Old cheese begets new dish

Sliced&

Weekend Argus (Saturday Edition) - - GOODDISH - TONY JACK­MAN

THE OLD can some­times be the new. Ta­leg­gio is a cheese that has been around for as long as 10 cen­turies. But you wouldn’t think so to lis­ten to the trendier lo­cal chefs who have de­cided that this Ital­ian cheese is the next big thing. Just like when bal­samic vine­gar was “dis­cov­ered” about 15 years ago, and God knows what will be dis­cov­ered a year from now. Eggs, per­haps. Oh no, sorry, that’s this year’s fad.

It’s ev­ery­where, on menus from one end of the re­gion to the other, served in ever more imag­i­na­tive ways, draped with this, driz­zled with that and nestled with the other, and all the right food­ies are chat­ter­ing on about Ta­leg­gio as if it had only been in­vented last week, like the Kar­dashi­ans, what­ever they are. (I think they’re a kind of muesli, all fruit and nuts.)

Not that I am not up on all the lat­est trends, you un­der­stand. I am just al­ler­gic to flavour-of-the-month syn­drome. So I am torn with this Ta­leg­gio thing, be­cause it is un­de­ni­ably a trend, yet it has been around for an en­tire mil­len­nium. It’s like joust­ing sud­denly com­ing back into fash­ion, or throw­ing Chris­tians to the lions, or eat­ing great haunches of wild boar fol­lowed by a roasted swan, washed down by a tankard of mead.

But, apart from the Chris­tiantoss­ing, even those other two an­cient pas­times are rel­a­tively new com­pared to Ta­leg­gio.

So I bought some. It turns out to be a medium- soft calves’ milk cheese which, on un­wrap­ping its pa­per cov­er­ing, im­me­di­ately be­came one of my favourite cheeses. This needs to be seen in the con­text of my other favourite cheeses – they tend to be the ripe, stinky ones, the Pont l’eveque, the Stil­ton, the Gor­gonzola (any blue cheese, re­ally), and, if it has to be Camem­bert or Brie, it needs to be so ripe that once you un­leash it from its wrap­ping it slith­ers out of the fridge of its own ac­cord and makes a break for the back door.

It seemed fit­ting, this be­ing a ven­er­a­ble Ital­ian cheese, to use it to make an Ital­ian dish. So out came a packet of ar­bo­rio rice and I tod­dled off to Woolies to see what fresh veg­eta­bles might catch my fancy. Into the bas­ket went baby asparagus tips, mangetout, small broc­coli flo­rets and red onions (there had to be some­thing that wasn’t green), a head of gar­lic and a tub of crème fraiche. The lat­ter was se­lected be­cause I wasn’t sure how the ta­leg­gio would com­bine with the stock once I’d made risotto, and as it turned out my in­stinct was right – while the cheese blended very well, the re­sult­ing risotto dish still needed more creamy mois­ture. So in the crème fraiche went.

I’ve had a bit of a jour­ney with risotto, as, I guess, has any­one who has tried to have the end re­sult gor­geously creamy with the whole rice grains be­ing in­tact but just soft. As with well-cooked pasta, risotto rice needs to be al dente, with a hint of crunch but not need­ing too firm a bite. What you don’t want is a mush. And it’s a touch-and-go busi­ness, mak­ing risotto. In the early days, I used to stir al­most con­stantly, hav­ing lis­tened to the many chefs who had in­structed us all to do that. What they should have been say­ing is: rather than stir as such, use a flat-ended wooden spat­ula (like a flat wooden spoon) to scrape the bot­tom of the pot regu- larly, to avoid any stick­ing or burn­ing. But gen­tly, with no big stir­ring mo­tions. Ease it this way and that. In be­tween, the risotto should bub­ble at a gen­tle heat, so that there’s barely any hint of a bub­ble at all. This I have come to through trial and er­ror, and I find it works per­fectly.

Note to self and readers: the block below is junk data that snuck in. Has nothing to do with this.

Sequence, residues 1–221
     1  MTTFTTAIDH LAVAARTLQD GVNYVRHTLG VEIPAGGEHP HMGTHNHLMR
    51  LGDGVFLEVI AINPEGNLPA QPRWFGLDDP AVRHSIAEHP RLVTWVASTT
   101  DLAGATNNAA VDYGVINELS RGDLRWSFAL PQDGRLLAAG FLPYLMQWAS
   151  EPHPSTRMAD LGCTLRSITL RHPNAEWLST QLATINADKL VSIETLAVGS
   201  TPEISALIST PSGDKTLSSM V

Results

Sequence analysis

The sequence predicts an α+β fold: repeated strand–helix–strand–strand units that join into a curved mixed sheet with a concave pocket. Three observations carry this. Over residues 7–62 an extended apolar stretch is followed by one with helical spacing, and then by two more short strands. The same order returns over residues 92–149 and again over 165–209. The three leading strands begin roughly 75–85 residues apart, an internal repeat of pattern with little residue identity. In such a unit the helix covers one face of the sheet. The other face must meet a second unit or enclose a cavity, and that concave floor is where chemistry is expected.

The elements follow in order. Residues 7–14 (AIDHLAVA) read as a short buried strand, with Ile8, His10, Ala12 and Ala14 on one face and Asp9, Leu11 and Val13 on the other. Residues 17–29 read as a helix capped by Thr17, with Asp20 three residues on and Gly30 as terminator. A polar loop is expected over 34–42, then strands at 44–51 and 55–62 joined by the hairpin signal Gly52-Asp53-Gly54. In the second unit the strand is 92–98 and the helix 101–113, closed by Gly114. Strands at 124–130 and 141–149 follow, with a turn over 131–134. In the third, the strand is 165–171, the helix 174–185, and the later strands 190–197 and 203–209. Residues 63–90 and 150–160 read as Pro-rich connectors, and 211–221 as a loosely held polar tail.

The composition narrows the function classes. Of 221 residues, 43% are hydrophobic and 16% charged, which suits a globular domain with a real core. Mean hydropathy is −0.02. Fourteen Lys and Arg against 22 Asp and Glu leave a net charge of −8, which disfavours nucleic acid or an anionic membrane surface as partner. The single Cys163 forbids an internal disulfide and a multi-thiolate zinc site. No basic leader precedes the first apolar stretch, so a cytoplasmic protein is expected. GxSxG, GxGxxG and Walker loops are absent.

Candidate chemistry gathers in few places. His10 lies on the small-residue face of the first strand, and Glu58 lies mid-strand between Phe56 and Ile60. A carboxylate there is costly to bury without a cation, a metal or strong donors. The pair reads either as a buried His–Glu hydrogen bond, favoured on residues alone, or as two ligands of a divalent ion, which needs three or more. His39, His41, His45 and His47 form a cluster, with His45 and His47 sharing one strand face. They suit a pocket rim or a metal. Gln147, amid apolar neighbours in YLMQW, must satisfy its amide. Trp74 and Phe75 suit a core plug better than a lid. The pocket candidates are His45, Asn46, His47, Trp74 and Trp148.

Be­fore mak­ing the risotto, blanch the veg­eta­bles in batches, by va­ri­ety, by in­sert­ing in boil­ing water, boil­ing gen­tly for two min­utes, drain­ing, re­fresh­ing in cold run­ning water and then plac­ing them in a bowl of water with plenty of ice cubes in it. They can stand in this for some time, but drain them about 15 min­utes be­fore you’re ready to add them to the risotto.

Start your risotto by mak­ing a litre-and-a-half of stock. This con­sists of two parts vegetable stock to one part dry white wine. But vary this as much as you like, sub­sti­tut­ing red wine for the white, and chicken stock for the vegetable stock. I have be­come a fan of Nomu fonds, which are highly con­cen­trated stocks which you di­lute in water in a ra­tio of 30ml to 500ml. Bring a litre of water to the boil in a large pot, dis­solve the fond in it, add half a litre of wine, heat to a sim­mer and keep on the low­est heat, with a la­dle to hand. Sim­mer the frozen peas in boil­ing water for 15 min­utes, drain and re­fresh. Keep in the iced water un­til needed.

Now, in a sep­a­rate pot, saute a chopped small red onion with three cloves gar­lic, finely chopped, un­til soft­ened. Add 500g ar­bo­rio rice (no, Daisy, not ‘Tas­tic’, it’s a brand, not a va­ri­ety of rice, un­less you can find Tas­tic risotto rice) and stir to com­bine the rice with the onion. Lower the heat. Add a la­dle of hot stock, stir, and al­low to sim­mer very gen­tly, scrap­ing the bot­tom as de­scribed above.

When most of the liq­uid has been ab­sorbed add an­other la­dle of stock. Re­peat un­til all the stock is used up and the rice is al dente, which should take about half an hour. Cut 200g of Ta­leg­gio into small pieces and stir in to dis­solve. Sea­son to taste. Add the crème fraiche, stir to com­bine, heat to a gen­tle sim­mer. Add the drained veg­eta­bles, stir quickly and serve, with grated Parme­san if you like.

Read Tony Jack­man’s weekly food col­umn in the Sun­day edi­tion of Week­end Ar­gus, which re­sumes pub­li­ca­tion next week­end.

PIC­TURE: TONY JACK­MAN

CHEESE TREND: The per­fect sum­mer meal, risotto tossed with Ta­leg­gio and sum­mer greens.

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